Times have changed – and you might want to consider how you buy cannabis changing also
Back in the day, you knew a guy who knew a guy, or you had a regular dealer, or you landed in a city for a trip and you talked to cab drivers and bartenders. Today, with cannabis legal recreationally 23 states along with the District of Columbia, Guam and the Northern Mariana Islands PLUS 40 state medically things are much easier. But you still want to know how to avoid bad marijuana.
With 90% of the public ok with some form of legal cannabis, you think it would be all grade A prime stuff out there, but if you want flower, there is still some quality issues. Flower is still the number one revenue generator for legal dispensaries, but vaping is coming up.
When in a store, don’t be afraid to ask questions. Except for NYC, legal states have licenses dispensaries with some control over products sold. But it is ok to ask, sniff, and look at flower before you purchase. If you are in a less than legal state, know the dealer and go with your gut. No high is worth a bad trip.
Use all of your senses to determine the quality of your product. Good quality weed should smell good and strong, look bright and colorful, and feel airy and light. The flower should separate when you apply pressure to it; it shouldn’t fall apart by itself or be dense and overtly sticky.
Use your nose. Once you’ve interacted with high quality weed, the bad stuff is easier to spot. Cannabis cultivated and cured to the high standards typically exhibits a pungent and pleasant aroma. Flowers emitting a strong fragrance are commonly referred to as having a “dank” or “loud” odor, indicating the overall quality of the flower. You should steer clear of any type of weed that smells, looks, or feels off.
Marijuana which isn’t quite right can reek of a musty or mildewy aroma. This or a straw-like aroma is a clear indication of aged or compromised cannabis.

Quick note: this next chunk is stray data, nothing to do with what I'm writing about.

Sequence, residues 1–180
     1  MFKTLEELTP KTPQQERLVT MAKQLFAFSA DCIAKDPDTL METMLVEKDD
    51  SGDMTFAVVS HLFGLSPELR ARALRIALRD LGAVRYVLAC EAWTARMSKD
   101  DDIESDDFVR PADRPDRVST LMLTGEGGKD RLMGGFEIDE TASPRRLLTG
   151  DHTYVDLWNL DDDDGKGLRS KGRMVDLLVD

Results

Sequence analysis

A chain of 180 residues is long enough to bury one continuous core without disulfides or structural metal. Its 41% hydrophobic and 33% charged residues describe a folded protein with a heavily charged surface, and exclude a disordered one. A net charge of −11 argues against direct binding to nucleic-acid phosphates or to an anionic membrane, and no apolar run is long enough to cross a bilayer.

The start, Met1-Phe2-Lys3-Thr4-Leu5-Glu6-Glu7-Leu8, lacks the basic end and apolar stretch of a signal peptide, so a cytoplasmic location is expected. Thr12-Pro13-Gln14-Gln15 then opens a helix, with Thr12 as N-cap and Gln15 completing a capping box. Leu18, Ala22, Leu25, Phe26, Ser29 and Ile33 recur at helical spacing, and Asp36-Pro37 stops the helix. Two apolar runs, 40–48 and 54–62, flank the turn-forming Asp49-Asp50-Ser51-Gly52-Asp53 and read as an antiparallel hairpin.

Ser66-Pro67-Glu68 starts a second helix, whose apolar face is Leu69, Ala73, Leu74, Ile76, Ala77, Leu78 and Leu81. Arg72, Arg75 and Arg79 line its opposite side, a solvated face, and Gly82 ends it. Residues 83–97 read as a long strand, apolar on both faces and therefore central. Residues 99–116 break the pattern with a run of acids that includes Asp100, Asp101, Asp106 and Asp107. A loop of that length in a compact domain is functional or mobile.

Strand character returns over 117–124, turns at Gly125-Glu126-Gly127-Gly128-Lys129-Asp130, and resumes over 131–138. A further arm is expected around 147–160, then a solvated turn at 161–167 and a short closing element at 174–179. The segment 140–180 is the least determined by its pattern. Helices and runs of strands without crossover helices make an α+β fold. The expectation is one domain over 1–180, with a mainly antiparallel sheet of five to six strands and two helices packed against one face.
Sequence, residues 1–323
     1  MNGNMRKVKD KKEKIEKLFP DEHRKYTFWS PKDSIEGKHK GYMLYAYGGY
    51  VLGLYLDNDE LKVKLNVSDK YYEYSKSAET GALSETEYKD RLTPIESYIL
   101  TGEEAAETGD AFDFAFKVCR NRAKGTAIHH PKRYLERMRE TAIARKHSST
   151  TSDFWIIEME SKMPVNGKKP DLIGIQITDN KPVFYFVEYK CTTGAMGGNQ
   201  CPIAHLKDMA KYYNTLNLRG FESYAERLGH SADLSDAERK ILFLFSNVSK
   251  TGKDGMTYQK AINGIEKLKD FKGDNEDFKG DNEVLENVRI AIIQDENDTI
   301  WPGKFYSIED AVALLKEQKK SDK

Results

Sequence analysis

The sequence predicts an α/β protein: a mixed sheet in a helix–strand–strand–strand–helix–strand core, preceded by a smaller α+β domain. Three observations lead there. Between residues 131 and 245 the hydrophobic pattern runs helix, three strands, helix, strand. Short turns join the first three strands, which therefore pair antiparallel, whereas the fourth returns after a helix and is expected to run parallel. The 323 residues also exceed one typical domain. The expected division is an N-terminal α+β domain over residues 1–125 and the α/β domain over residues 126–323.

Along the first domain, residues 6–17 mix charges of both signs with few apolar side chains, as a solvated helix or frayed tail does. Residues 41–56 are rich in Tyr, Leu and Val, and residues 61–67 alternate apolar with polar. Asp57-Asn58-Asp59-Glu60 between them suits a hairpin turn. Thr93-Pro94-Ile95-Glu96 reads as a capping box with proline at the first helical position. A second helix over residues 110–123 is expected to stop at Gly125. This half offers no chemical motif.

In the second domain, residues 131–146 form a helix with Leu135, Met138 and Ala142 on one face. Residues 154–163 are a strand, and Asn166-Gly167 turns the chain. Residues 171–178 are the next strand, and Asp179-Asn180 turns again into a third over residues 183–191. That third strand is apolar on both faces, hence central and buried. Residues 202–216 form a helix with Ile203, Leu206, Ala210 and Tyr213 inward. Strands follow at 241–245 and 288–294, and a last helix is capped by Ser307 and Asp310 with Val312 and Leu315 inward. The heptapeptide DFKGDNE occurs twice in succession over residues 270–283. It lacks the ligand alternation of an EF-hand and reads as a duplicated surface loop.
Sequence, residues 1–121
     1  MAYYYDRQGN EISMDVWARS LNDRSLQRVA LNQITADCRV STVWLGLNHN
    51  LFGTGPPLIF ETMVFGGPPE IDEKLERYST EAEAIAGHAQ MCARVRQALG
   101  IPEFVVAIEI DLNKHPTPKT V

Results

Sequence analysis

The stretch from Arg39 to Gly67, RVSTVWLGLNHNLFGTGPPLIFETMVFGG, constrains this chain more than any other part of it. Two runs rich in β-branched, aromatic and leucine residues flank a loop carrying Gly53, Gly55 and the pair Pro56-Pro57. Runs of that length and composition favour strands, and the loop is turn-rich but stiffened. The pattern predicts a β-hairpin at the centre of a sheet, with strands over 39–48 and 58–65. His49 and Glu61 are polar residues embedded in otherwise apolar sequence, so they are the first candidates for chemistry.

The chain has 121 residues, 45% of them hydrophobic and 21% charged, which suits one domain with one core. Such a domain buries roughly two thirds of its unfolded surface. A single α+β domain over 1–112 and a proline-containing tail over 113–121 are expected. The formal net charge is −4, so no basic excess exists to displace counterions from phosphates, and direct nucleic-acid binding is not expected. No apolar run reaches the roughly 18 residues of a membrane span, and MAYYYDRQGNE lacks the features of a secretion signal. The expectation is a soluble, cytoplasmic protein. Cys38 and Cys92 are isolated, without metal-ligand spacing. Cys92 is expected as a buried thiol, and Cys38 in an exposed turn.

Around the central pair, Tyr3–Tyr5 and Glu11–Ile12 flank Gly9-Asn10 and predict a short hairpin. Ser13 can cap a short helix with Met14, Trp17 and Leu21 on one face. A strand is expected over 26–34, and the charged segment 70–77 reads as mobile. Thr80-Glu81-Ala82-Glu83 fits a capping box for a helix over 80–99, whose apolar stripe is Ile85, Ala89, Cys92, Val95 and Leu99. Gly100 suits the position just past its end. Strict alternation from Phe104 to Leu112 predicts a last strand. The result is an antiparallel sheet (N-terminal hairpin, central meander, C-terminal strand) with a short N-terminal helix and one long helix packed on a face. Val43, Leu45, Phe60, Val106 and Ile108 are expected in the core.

Use your eyes. Properly grown flower, like fresh, healthy produce, provides a few visual hints to help you determine quality. Good cannabis should be visually appealing, top-shelf strains can easily display a vibrant array of colors. Good-quality flowers are often a deep green with flaming orange or red hairs. They can also express colors from deep purple to bright blue.
Bad flower also has distinct in look. Discolored flower or an abundance of stems and seeds in a sign to move on. There are many reasons flower can become discolored ranging from mold and age to pesticides and chemicals.
When flower is of a lower quality, it will often be dry or brittle to the touch. Dry bud will feel light and airy with little weight, unlike dense, sticky flower. Additionally, bad weed will easily crumble when handled, or might even fall apart. Loose, undone flower is called “shake” and should be avoided.
Avoid strains that claim to have extreme effects. For example, if your seller tells you that they have a strain with over 30% THC potency, ask more questions since that seems unlikely. You also don’t need a strain with crazy THC levels in order to get the results you want or are looking for.
if your seller tells you that they have a strain is extreme or has over 30% THC potency, ask more questions since that seems unlikely. You also don’t need a strain with crazy THC levels in order to get the results you want or are looking for. This should be avoided.
Good luck, have fun and chill out.